NEW YORK - Cam Newton's selection as the No. 1 pick turned out to be one of the few predictable elements of a most unusual NFL draft.
While the league’s labor dispute played out in the courts, and the commissioner struggled to speak over a howling crowd chanting “We want football,” the draft got under way Thursday night with some surprises.
Newton was not one of them.
The Auburn quarterback and Heisman Trophy winner went to the Carolina Panthers – the worst team in the league – and vowed to immediately fix that. Newton led Auburn to an undefeated season and its first national championship since 1957.
“I’m ready to change this whole organization around, to go from worst to first,” he said. “Just being a Panther is the most special part about this.”
Not so special but certainly unusual was Commissioner Roger Goodell getting booed as he prepared to conduct a moment of silence for victims of the devastating storms that ripped through the South. He responded to their chants for football by saying, “I hear you. So do I.”
With the second pick, Denver took Texas A&M linebacker Von Miller, a plaintiff in the antitrust lawsuit players filed to block the lockout. He strode across the stage with tears in his eyes and embraced Goodell.
It was a strange opening for what normally is a festive occasion. In an offseason of labor strife, the league’s work stoppage temporarily ends today. Teams will resume business in compliance with U.S. District Judge Susan Richard Nelson’s order to lift the lockout.
Then again, the lockout could be back in place if the NFL wins an appeal. For now, the drafted players will be allowed to report to their teams, meet coaches and get playbooks. The rest is vague.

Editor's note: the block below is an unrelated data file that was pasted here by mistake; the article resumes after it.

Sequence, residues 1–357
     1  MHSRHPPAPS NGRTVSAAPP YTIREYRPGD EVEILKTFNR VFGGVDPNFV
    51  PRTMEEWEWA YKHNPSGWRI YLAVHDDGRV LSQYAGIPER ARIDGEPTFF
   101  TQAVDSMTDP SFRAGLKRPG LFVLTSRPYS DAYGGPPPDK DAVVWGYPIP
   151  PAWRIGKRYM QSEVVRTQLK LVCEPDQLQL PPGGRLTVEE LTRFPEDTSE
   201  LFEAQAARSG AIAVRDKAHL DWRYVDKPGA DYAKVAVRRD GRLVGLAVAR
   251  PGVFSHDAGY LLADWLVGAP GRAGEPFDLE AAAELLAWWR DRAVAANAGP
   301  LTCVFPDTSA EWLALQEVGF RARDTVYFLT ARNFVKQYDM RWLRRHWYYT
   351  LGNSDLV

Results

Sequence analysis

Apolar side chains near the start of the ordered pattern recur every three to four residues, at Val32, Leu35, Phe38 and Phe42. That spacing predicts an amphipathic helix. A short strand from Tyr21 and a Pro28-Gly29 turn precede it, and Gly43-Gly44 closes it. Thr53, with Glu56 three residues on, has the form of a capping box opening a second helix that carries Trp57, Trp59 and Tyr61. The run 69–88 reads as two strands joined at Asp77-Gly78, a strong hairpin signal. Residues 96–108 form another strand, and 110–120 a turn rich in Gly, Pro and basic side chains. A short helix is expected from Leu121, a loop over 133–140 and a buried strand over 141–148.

Moments before the draft began, Goodell requested a moment of silence for victims of Wednesday’s storms, which left at least 280 people dead in six states and hundreds more injured. On stage, he was surrounded by the Auburn and Alabama stars and their coaches.
Of those stars, none shined brighter than Newton, who showed last season he can handle the spotlight.
With the third pick, Buffalo selected Alabama nose tackle Marcell Dareus, who gave Goodell an even bigger hug. Of course, Dareus weighs 308 pounds, about 70 more than Miller.
Cincinnati, perhaps calling the bluff of quarterback Carson Palmer, who is demanding a trade, instead took the top receiver in this crop, A.J. Green of Georgia.
Arizona, also in need of a quarterback, selected the top cornerback available, Patrick Peterson of LSU.
Just six picks in, Atlanta cut a massive deal with Cleveland and moved up from No. 27 to grab Alabama receiver Julio Jones – the fifth Southeastern Conference player in the first six.
The Browns received the Falcons’ first-rounder, second- and fourth-rounders, plus their first pick and fourth-rounder in 2012.
San Francisco chose defensive end Aldon Smith of Missouri to bolster a weak pass rush, then the second quarterback was selected: Washington’s Jake Locker to Tennessee.
After Dallas went for offensive tackle Tyron Smith of Southern California with the ninth pick, Jacksonville saw a chance to get its future quarterback. The Jaguars moved up six slots for Missouri’s Blaine Gabbert, dealing their first-round pick and a second-rounder to Washington.
Houston bolstered its weak defense with Wisconsin end J.J. Watt at No. 11 before yet another QB was chosen: Florida State’s Christian Ponder, who impressed Minnesota with his workouts. That meant four QBs went in the first dozen selections.
Auburn DT Nick Fairley, once projected as a top-three selection, was chosen 13th by the Lions.
St. Louis, undeterred by Robert Quinn’s lost season — the linebacker-end was suspended from North Carolina for his role in an agents scandal — took him at No. 14.
Mike Pouncey, whose twin brother, Maurkice, was a sensational rookie center for Pittsburgh last year, was chosen by Miami to play the same position.
Washington then took Purdue linebacker Ryan Kerrigan. Cleveland traded again, from No. 27 to 21st for Baylor DT Phil Taylor, with Kansas City sliding to 27th.
One player who dropped from a projected top-10 slot to 19 was Nebraska cornerback Prince Amukamara, taken by the Giants.
New England addressed concerns about protecting Tom Brady by taking Colorado tackle Nate Solder. Archrival Indianapolis took Boston College tackle Anthony Castonzo to help protect Peyton Manning.